July 8, 2002
At California Beach, Turf War for the WavesBy EVELYN NIEVES
In the beginning, the swells at Steamer Lane belonged to a few strong surfers. They would arrive at the dawn's early light and ride the waves all day, never stepping on dry ground until the big red ball of the sun slipped into the Pacific.
And it was good.
Then came the summer Sunday surfers. The boogie boarders. The beginners.
This was not good. But it was hardly the worst of it. Worst of all, for many of the surfers in the original Surf City, U.S.A., are the sitting surfers, the surf kayakers.
Like skiers and snowboarders, surfers and surf kayakers, who paddle out to the same breaks and ride the same swells, want to be in the same places at the same time. But here in Surf City (where Hawaiian surfers introduced surfing on the mainland in 1885), the water war seems personal -- and gets ugly.
Just mentioning ''surf kayak'' to long-boarders at Steamer Lane, the most popular surfing spot in Santa Cruz, prompts the gag reflex, and vice versa. Things have gotten so bad that every March, when the surf kayakers hold an international competition, fights -- as in fist fights -- break out between the long-boarders and the kayakers. Antikayak graffiti not fit to print are scrawled in the restrooms off Lighthouse Point, home of the Surfing Museum. Surfers have started a movement to ban kayaks from the surfing zones, which is generating outrage among surf kayakers around the world.
Any surfer at Steamer Lane will say what Charlie Garcia, 22, a surfer from San Jose, said the other day, ''Kayaks have no place here.''
The waves were measly, almost comically small, and surfers were out in force, while surf kayaks were nowhere in sight. Still, Mr. Garcia was riled at the very thought of them. ''They're just dangerous,'' he said with a shudder. ''One wipes out in front of you, they can take you down with them.''
Therein lies the fight, at least on the surface. Surf kayakers, surfers say, create a hazard when they flail around a wave in their boats, slapping around long-boarders who have only their bodies to pit against them. But surf kayakers, surfers say, also ruin waves -- and surfing -- by taking off on the flap of the swell, chopping it up.
''Most surfers don't want to surf with kayaks,'' said Anthony Ruffo, who belongs to a group of professional surfers who call Steamer Lane their spot. Still, Mr. Ruffo said, he has nothing against recreational kayaks. ''Most just want to wade in the water and see the sea otters and lions. There has to be a compromise here, somewhere.''
Santa Cruz, long known for its peace-loving, compassionate ways, has been trying to reach a compromise. In the spring, the city created a kayaker-surfer committee, which has been meeting to adopt guidelines for safety, water etiquette and self-regulation. Ideas have ranged from having kayaks and surfers rule the waves on alternate days to relegating kayakers and surfers to separate spots.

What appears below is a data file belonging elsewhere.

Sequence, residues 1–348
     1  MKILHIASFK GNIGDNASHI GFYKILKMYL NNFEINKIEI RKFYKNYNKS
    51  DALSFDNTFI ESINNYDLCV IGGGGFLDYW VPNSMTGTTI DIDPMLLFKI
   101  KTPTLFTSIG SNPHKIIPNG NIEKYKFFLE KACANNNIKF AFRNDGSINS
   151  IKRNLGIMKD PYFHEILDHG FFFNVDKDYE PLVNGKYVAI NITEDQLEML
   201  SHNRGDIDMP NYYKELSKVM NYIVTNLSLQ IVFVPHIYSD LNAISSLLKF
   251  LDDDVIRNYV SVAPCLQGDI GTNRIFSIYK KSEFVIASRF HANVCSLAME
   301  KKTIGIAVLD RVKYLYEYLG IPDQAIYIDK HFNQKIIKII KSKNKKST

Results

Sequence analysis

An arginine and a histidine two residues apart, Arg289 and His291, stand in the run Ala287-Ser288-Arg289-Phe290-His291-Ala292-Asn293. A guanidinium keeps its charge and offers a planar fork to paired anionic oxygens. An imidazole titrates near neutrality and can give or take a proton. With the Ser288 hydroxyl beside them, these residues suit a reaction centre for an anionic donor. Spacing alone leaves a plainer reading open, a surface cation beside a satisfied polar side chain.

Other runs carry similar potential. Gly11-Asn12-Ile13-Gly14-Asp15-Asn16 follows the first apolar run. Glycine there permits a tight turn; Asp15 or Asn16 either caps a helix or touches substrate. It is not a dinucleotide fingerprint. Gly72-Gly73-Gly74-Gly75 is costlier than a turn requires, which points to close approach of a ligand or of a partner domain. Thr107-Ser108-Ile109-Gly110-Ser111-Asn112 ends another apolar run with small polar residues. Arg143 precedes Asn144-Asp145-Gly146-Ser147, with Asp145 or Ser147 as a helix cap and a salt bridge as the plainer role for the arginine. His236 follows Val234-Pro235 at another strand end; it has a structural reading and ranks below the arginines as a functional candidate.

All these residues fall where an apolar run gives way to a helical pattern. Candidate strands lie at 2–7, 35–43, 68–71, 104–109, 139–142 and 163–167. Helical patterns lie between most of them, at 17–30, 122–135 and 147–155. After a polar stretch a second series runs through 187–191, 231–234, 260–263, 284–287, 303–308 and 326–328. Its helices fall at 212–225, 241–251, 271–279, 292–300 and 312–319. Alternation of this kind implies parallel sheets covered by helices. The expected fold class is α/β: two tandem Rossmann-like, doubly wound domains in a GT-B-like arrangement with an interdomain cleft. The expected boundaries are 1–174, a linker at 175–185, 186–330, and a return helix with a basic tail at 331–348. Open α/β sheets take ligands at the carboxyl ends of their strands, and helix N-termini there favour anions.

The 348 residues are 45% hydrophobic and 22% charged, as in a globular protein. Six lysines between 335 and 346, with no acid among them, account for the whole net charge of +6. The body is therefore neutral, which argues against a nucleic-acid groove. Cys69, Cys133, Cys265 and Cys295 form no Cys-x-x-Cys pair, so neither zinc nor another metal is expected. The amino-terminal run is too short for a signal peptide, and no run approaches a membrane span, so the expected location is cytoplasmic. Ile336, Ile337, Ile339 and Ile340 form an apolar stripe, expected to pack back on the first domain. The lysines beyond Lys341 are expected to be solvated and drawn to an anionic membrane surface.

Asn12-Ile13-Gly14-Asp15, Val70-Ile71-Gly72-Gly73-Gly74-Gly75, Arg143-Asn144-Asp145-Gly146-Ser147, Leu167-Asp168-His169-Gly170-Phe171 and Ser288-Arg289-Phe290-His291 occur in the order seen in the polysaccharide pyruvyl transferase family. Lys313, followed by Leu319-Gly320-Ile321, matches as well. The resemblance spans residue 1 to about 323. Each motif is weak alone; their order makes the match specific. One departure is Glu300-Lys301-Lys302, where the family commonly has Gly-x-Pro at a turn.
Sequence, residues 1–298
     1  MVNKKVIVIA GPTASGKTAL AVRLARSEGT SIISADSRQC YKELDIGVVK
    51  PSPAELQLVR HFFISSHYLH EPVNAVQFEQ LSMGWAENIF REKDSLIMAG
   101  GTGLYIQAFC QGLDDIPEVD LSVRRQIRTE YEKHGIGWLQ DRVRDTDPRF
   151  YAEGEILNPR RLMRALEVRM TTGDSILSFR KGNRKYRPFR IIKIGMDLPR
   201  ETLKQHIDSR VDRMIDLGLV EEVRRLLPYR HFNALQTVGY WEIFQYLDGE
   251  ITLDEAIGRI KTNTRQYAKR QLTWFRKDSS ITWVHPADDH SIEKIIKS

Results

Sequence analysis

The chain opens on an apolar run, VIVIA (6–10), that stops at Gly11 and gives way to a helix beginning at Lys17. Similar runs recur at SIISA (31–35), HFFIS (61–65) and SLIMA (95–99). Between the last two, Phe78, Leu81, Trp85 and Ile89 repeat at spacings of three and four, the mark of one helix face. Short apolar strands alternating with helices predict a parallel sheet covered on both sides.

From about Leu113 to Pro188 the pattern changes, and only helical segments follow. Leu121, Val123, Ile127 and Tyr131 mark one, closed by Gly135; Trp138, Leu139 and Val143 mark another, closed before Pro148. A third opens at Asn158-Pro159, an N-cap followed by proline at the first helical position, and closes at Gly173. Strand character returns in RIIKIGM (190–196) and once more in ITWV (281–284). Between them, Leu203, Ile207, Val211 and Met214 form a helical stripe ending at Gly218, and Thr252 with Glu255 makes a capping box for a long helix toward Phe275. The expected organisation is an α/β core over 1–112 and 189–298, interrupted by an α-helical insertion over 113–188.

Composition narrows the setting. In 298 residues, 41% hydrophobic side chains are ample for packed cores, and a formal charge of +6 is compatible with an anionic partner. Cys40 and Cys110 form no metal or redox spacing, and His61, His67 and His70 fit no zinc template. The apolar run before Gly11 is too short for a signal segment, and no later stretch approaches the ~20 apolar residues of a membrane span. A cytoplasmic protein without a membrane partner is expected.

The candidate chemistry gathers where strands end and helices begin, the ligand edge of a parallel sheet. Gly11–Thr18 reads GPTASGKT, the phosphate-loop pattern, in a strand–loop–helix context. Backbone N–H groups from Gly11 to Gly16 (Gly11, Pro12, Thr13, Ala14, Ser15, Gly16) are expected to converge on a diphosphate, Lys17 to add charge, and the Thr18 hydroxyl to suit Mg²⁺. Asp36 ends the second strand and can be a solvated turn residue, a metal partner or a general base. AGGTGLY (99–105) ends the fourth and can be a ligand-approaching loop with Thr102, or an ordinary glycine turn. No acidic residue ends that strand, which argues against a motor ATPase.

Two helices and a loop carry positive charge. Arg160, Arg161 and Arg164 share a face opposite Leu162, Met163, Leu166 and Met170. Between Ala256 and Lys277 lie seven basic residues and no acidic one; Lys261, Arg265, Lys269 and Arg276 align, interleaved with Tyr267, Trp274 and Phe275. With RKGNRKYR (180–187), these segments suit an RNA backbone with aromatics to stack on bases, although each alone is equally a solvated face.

''They're now working on writing a code of etiquette,'' said Jim Lang, the Santa Cruz parks and recreation director.
For several years, a group calling itself Surfers for a Safe Berth complained that the city was flouting a state law requiring vessels to stay 900 feet from city beaches. In 1990, Santa Cruz changed its characterization of kayaks from vessels to water sports equipment to allow the kayaks to surf. That change, complains the Surfers for a Safe Berth, violates civil rights laws because it was made without giving surfers a chance to be heard.
But the group's efforts to have the old law reinstated has brought e-mail protests from surf kayakers around the world. Steamer Lane has become the site of the largest surf-kayak competition in the world, but many of the angry e-mailers point out that surfers own Steamer Lane almost every day of the year.
Dave Johnston, 39, a professional surf kayaker who was the world champion twice (and currently ranks third in the sport), said he gave up trying to ride the swells in Santa Cruz long ago.
''When I first started surf kayaking 20 years ago, I made the mistake of mixing with the surfers,'' Mr. Johnston said. ''But I soon found out if I did that I wasn't going to have any fun. I was going to be harassed, be called names -- say, 'Stand up and surf like a man!' -- and it wasn't worth it.''
Most surf kayakers who know the surf culture of Santa Cruz stay away, he said. No surf kayakers were to be found at or near Steamer Lane on four visits to the spot over two weeks. But once in a while a surf kayaker still wanders into the waters, Mr. Johnston said.
Mr. Johnston, who rents kayaks and kites in a shop off the boardwalk, said the kayaks he rents are recreational, for sightseers who want to get close to the animals at Seal Rock or to glimpse the other marine life.
''Surf kayakers like me go about 10 miles from here,'' Mr. Johnston said. ''There are more sharks, and the waves are choppier, but you get to have them to yourself.''
He was lamenting the momentum for a ban on kayaks at Steamer Lane (''The city seems to be tilting that way,'' he said) when a surfer friend wandered into his shop and into the conversation.
''The surfers here hate everybody,'' said the friend, Jim Morrison, 33. ''I was born here, and I've been surfing all my life, and I've never had a problem with a kayak. But there's always been something for the hard-core surfers to complain about.''
Mr. Johnston laughed. ''Kayaks can catch more waves. Surfers are at a disadvantage, and they don't like that,'' he said.
''Exactly,'' Mr. Morrison said. ''When I was a kid, it was long boards versus short boards, or surfboarders versus boogie boarders, or Eastsiders versus Westsiders.''
He called the phenomenon surf rage. ''It's just like road rage. Everybody wants to be in the same spot at the same time.''